Russian Foreign Minister Sergei Lavrov on Friday said the Istanbul-based Ecumenical Patriarchate's decision to recognise the independence of the Ukrainian Orthodox Church was a "provocation" backed by Washington.
He described the move as "provocation by Patriarch Bartholomew of Constantinople, undertaken with direct public support from Washington" during a media interview, according to a transcript of the exchange on the foreign ministry's website. "Interfering in Church life is forbidden by law in Ukraine, in Russia and, I hope, in any normal state," he said.
The Holy Synod chaired by the Patriarch of Constantinople in Istanbul on Thursday said it had agreed to recognise the independence of the Ukrainian Orthodox Church, which has historically operated under Moscow's umbrella.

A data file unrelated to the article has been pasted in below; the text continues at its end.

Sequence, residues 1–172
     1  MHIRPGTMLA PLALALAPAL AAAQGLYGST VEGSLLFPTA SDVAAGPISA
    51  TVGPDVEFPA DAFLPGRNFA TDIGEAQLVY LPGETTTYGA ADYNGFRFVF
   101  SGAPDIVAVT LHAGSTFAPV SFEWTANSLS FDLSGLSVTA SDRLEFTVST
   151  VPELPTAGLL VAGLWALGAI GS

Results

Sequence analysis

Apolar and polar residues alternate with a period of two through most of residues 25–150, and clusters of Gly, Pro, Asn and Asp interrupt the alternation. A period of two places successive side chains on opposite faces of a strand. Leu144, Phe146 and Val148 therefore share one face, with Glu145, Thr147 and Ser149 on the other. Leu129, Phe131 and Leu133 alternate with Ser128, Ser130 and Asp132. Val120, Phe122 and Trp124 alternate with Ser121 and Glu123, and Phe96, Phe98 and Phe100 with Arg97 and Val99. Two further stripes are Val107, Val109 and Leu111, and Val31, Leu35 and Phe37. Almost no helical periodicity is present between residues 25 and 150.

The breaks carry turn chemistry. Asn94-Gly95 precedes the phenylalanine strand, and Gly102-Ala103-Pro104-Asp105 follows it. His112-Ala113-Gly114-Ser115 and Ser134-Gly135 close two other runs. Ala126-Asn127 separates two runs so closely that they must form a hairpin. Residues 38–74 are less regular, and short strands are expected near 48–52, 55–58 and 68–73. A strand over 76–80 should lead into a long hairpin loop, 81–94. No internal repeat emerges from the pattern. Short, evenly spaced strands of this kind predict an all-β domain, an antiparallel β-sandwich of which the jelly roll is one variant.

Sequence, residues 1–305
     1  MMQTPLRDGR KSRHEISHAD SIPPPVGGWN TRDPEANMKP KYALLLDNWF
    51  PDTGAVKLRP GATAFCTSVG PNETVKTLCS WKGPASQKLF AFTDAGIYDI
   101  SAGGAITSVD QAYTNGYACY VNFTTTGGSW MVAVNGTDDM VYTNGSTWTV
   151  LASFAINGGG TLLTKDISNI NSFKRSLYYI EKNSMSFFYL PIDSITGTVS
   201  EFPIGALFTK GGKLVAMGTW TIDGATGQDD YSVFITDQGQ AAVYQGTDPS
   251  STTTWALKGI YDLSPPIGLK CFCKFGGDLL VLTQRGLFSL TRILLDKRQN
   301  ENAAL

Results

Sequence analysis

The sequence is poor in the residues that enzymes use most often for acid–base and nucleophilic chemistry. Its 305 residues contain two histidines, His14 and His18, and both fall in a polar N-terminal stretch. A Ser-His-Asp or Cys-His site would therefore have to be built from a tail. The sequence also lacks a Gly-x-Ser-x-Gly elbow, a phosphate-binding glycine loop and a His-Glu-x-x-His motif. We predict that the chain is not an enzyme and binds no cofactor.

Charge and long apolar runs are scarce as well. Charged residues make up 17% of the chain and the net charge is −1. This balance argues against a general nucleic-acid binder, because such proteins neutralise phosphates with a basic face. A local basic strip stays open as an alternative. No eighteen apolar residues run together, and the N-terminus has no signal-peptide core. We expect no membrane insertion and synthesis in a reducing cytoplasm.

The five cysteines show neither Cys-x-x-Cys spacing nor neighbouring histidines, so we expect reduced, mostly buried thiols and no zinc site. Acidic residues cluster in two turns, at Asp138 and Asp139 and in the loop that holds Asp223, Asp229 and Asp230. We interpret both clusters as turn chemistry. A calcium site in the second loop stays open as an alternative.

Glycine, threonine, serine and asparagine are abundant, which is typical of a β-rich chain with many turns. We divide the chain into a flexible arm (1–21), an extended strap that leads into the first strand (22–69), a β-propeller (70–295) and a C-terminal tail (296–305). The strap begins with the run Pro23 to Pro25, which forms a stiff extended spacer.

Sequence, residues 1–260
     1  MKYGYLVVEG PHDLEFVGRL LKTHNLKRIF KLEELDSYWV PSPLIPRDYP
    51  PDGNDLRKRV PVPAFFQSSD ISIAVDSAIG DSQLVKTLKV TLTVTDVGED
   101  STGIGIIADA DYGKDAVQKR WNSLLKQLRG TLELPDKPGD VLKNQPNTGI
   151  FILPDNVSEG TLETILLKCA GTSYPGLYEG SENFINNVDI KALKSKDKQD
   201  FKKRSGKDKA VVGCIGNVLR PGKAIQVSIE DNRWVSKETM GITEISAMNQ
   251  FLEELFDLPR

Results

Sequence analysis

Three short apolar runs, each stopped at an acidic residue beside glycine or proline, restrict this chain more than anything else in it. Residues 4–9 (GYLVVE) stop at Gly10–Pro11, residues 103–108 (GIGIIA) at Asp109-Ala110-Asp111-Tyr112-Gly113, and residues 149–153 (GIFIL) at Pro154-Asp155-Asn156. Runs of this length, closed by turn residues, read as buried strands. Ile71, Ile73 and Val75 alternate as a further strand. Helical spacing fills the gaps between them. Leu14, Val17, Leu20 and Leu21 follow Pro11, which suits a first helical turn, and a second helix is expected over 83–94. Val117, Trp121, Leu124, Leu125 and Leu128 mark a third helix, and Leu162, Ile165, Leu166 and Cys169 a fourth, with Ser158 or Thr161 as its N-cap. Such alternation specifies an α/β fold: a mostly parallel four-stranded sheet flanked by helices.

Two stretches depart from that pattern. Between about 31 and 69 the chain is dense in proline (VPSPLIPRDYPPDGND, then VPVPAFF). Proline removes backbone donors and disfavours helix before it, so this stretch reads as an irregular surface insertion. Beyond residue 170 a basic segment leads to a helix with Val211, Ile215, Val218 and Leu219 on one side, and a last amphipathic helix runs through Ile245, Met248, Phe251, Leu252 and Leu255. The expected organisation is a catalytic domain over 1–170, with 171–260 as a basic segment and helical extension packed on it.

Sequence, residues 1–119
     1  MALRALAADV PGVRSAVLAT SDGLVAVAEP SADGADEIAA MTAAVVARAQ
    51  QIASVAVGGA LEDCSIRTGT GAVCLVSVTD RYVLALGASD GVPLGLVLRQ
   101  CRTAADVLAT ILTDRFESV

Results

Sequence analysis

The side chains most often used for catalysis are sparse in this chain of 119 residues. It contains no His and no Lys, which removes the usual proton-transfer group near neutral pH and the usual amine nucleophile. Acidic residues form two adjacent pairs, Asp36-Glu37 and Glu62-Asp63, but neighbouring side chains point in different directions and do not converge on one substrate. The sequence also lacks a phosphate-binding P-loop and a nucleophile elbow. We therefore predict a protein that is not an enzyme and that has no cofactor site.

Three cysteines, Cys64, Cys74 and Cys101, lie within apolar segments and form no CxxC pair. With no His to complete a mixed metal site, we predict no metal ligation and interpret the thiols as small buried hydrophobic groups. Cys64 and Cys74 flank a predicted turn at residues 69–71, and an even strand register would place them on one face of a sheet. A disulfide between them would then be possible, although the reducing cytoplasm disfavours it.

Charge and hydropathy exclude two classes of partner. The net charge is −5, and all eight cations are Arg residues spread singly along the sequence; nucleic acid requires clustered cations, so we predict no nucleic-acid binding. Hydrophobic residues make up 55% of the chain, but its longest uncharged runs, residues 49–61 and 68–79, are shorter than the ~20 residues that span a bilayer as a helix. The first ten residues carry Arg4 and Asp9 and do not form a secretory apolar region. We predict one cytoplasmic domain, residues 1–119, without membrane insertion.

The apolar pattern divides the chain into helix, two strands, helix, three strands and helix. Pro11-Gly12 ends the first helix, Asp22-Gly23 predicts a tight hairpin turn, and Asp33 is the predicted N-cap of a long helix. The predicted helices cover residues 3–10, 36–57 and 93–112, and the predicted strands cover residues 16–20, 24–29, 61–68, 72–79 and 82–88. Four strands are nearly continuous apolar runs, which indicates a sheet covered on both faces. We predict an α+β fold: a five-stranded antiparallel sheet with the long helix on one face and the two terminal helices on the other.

The move was met with fury by the Patriarch of Moscow, who would effectively lose influence over thousands of parishes if they decide to split off and join the new independent church.
Earlier Friday, the Kremlin said it would "protect the interests" of Orthodox believers in the country.
This protection would be "exclusively political and diplomatic," he said. The Patriarchate's announcement is set to drive a further wedge between Kiev and its Soviet-era master.
Relations broke down during the Maidan uprising of 2014 followed by Moscow's annexation of Crimea and ongoing conflict with Russia-backed separatists in eastern Ukraine.
(This story has not been edited by Business Standard staff and is auto-generated from a syndicated feed.)